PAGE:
Known for its distinct fruit, the winterberry holly is a medium-sized shrub native to the eastern half of the U.S.
Green leaves, delicately thin branches, and bursts of bright red berries sum up this shrub’s look. Sound familiar? Then there’s a chance you have a winterberry holly in your yard.
Keep reading to learn howto identify and care for winterberry holly shrubs.
Plant Identification by Leaf
Winterberry holly leaves are oval-shaped with a slight point at the top. Their color ranges from deep green to a lighter, yellow-green shade.
Plant Identification by Fruit
Perhaps the best way to identify a winterberry holly is by its fruit. Bright red berries appear in the fall. Winterberry holly loses its leaves late in the fall season, so in winter, the shrub has a signature look: shiny red berries hanging from bare, slender branches.
Plant Identification by Bark
Winterberry holly bark is light or dark gray with a smooth finish.
How to care for a Winterberry Holly
- Grow zones: Winterberry holly can grow in zones 3-9. The climate varies widely in this range, but generally, it's characterized by hot or humid summers and chilly winters.
- Where to plant winterberry holly: This shrub prefers acidic soil, but it can adapt to several different soil types.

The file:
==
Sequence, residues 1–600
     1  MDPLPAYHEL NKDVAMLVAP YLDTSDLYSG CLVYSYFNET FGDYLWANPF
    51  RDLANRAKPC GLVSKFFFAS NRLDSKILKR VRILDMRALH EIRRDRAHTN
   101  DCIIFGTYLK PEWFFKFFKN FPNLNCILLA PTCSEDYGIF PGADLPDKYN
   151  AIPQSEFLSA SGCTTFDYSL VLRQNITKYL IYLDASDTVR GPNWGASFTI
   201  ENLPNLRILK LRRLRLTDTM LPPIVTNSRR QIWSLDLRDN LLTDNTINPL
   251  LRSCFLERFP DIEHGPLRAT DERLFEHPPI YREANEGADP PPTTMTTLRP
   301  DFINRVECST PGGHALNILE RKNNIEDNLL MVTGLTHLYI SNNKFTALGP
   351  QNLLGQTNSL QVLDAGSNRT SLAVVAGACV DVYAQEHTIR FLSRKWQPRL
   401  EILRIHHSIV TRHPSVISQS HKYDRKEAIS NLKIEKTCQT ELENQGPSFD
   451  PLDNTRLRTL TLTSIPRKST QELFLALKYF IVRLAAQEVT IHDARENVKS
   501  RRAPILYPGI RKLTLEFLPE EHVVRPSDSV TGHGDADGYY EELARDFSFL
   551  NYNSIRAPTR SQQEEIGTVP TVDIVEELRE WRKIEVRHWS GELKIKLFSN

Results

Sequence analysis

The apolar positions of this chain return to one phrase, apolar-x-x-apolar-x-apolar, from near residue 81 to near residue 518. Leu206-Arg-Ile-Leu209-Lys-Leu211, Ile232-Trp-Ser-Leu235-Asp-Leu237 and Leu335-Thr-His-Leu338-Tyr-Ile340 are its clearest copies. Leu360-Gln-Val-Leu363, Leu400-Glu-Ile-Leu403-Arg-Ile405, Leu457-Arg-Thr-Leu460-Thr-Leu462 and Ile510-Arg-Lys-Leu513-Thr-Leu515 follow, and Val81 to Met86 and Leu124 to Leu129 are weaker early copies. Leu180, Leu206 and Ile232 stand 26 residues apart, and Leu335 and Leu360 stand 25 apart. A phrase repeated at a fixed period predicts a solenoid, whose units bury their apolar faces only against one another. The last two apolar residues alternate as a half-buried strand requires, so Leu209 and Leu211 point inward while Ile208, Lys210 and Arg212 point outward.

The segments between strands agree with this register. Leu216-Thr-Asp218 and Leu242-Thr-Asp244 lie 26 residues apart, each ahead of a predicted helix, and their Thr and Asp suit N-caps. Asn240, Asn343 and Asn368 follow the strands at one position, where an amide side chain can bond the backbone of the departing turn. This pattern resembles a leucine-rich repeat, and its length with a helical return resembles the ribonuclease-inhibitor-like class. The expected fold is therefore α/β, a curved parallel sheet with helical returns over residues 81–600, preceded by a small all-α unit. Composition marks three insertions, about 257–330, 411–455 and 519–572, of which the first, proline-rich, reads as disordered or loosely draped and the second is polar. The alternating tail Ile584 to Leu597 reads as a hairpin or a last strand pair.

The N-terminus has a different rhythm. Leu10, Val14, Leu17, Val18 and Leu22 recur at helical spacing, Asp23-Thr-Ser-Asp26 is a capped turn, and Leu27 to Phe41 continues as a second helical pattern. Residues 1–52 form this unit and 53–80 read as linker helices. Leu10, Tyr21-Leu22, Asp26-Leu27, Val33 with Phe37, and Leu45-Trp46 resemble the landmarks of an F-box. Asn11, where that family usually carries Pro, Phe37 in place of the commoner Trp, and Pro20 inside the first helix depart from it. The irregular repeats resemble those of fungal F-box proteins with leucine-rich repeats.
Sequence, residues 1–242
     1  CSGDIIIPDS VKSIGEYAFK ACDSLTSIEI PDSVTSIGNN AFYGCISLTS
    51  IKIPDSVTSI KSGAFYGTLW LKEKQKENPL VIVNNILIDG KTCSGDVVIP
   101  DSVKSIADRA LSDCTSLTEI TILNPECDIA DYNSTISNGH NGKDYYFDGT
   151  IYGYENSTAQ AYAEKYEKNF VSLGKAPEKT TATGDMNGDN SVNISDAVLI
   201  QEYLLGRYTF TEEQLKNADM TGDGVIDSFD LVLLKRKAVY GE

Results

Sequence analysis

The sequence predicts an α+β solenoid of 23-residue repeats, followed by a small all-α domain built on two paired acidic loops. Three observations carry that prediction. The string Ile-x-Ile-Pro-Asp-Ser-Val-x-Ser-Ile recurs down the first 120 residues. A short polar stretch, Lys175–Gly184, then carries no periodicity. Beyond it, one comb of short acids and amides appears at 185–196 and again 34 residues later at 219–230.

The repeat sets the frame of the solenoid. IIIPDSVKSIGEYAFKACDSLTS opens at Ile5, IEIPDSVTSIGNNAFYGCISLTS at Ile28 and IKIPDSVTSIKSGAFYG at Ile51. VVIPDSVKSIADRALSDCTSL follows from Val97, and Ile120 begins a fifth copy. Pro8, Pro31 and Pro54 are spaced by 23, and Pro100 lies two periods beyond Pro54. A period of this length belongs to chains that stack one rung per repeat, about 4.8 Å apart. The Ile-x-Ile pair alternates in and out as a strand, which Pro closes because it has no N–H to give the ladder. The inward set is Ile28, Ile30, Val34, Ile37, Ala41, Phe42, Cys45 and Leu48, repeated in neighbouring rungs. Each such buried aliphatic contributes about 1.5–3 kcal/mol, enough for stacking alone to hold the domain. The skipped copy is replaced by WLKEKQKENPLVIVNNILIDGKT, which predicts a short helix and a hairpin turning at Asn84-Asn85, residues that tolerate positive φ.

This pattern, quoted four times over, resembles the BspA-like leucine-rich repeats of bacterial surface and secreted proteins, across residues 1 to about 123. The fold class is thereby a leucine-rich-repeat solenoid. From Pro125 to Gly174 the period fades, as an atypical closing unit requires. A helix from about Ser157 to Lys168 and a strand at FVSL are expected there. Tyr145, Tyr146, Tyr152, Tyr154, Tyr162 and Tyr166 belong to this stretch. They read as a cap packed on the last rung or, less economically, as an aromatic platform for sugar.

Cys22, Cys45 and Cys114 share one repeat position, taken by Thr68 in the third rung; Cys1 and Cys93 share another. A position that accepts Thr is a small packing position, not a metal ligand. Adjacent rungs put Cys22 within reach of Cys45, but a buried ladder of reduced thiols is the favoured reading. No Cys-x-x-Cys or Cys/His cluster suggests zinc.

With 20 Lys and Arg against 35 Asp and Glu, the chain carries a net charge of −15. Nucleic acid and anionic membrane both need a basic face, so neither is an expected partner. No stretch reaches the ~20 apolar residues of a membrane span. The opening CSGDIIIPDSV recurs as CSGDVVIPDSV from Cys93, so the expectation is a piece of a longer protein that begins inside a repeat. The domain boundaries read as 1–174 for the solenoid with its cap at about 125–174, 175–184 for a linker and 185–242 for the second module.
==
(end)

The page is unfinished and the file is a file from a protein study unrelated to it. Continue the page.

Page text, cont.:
- Height/Spread: The winterberry holly has a 5-10 ft height and spread.
- Sunlight: This shrub needs at least 4 and up to 6 hours of uninterrupted sunlight per day.
- Bloom time: Winterberry holly’s leaves and subtle white flowers bloom in late spring. In fall, the leaves fall off and bright red berries become the focal point.
- Pruning: Prune your plant in winter or early spring when it’s bare. Pruning winterberry holly is important for maintaining good health and keeping shape and size under control.
- Deer resistant: While winterberry holly isn’t a deer’s first choice, this plant is not completely deer resistant.
- Is winterberry holly poisonous to dogs?: Yes. Be sure to keep your pups away from this shrub. Winterberry holly berries are poisonous to us and our pets.
Winterberry holly very rarely has pest or disease problems. If anything, powdery mildew or anthracnose could pose a threat. But in either case, these leaf problems are easy to manage. Learn more about treatment for fall tree fungus.